Clem H Complete - Mustard
- Tig welding most of the joints
- Having the completes assembled where they're made, in Taiwan
Most of the joints are tig welded but we've included the lugs that are most important to us. For 2017 we've used our new ball-n-socket seatlug that allows the seatstays to be set at any angle we decide, so the seatstays won't have the curve (which isn't a bad thing) that they had on Clems in the past. They'll also have our RC-05 wide flat-shouldered crown that's also used on our Hunqapillar and allows tires up to a 2.4 easily. The decals are understated and show up well against the paint. See Clem coming out of the sewer?
Here's an excerpt from a blog post Grant wrote about the Clems:
"As a trail bike, commuter, shopper, all-around ruffabout bike, it’s as pure and perfect as you’ll find anywhere. I think of it as a mountain bike–and the frame does pass the mountain bike EN test, the toughest in the world, so it’s not going to break on you. But in the 2017 real world bicycle market, it doesn’t meet the unnecessary qualifications—there’s no frame or fork suspension, so you do it with fat soft tires (and the CLEM fits them!) and good technique–you let your joints open and close and absorb shocks organically, the same way you’d do it if you jumped to the floor from the top of a ladder. An unsuspended/natural style mountain bike rules out showing-off and stupid riding. It means you go slower, which means you might not keep up with your full-gizmo’d comrades. You travel over the ground, you don’t go at it with the latest land-conquering weaponry developed for the modern mountain biker.
The CLEM and other analog fat tire mountainy bikes aren’t handicaps! Think of all the hellatious and fantastic trails ridden and fun times had on them! Half a quintillion, I bet. There were never complaints until 1990, when the suspension riders with their slightly unfair advantage dominated the World Championships in Colorado. From that DAY on, suspension was required to be competitive in racing, and non-racers wanted the same gear for general mountain travel, and ever since, trying to sell unsuspended mountain bikes has been a losing battle,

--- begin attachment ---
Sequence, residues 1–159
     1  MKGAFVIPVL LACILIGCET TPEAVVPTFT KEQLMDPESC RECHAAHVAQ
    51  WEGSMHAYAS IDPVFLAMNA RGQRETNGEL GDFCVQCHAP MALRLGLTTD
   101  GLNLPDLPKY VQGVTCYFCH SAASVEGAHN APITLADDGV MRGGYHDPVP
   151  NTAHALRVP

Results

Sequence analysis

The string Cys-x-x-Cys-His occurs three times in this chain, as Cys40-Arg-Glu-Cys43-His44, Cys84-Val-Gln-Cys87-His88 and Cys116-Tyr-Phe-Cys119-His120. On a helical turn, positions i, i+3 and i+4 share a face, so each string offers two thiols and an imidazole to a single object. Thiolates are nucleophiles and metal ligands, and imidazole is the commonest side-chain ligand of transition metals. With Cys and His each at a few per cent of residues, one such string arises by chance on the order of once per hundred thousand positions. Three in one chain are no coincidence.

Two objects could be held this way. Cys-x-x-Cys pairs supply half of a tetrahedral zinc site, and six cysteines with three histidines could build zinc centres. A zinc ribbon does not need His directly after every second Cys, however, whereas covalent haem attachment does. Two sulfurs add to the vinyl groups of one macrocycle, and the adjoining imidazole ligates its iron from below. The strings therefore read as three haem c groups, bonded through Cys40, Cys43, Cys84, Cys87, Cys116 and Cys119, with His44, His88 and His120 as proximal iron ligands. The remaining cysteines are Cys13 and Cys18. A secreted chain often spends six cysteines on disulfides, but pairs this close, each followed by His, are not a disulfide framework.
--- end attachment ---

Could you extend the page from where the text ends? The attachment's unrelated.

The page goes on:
Boo-hoo? No! A bike like the CLEM is soooo capable, soooo reliable, sooo hassle-free."
These bikes are going to be around and in use in 40 years and they'll still be great bikes then. There's nothing weird about them and they'll require very little service beyond changing brake pads and chain-rings when they eventually wear. If you're enterprising enough, what service they will need is easily learned with some inexpensive tools and a couple Youtube videos. If not, they'll be a breath of fresh air for your LBS's mechanic. Nothing is hidden in blackboxes and there's nothing electronic. That's a good thing.
STYLE H (high top tube), formerly known as Boy’s bike; or
STYLE L (low top tube), formerly known as Girl’s bike
FRAME SIZES/WHEEL SIZES:
45cm / 26-inch traditional mountain bikey size wheels.
Typical rider height: 5-0 to 5-5
52cm / 27.5-inch new mountain bikey size wheels.
Typical rider height: 5-5 to 5-11
59cm /700c newish mountain bike size (29r)
Typical rider height: 5-7 to 6-3
- FSA Duron headset
- Nitto Tallux Stem (11cm for the 52, 12cm for the 59)
- 55cm Cromo Bosco
- Silver 38/24 Cranks (173mm for 52, 178mm for the 59)
- Deore Rear Derailleur
- Claris front derailleur
- Deore V-Brakes
- Sunrace BLM V-brake levers
- Microshift Thumbies, mounted inboard the way we like 'em
- Nine speed 12-34 Sunrace cassette
- Alex DM24 rims 32/36
- 9 speed chain
- Non-Pletscher but still good kickstand
- Kalloy Post (29.8mm for the 59, 26.8 for the 45 and 52)
- Grey housing
- No Saddle or Pedals this time
$120 to California
$155 West of the Mississippi
$170 East of the Mississippi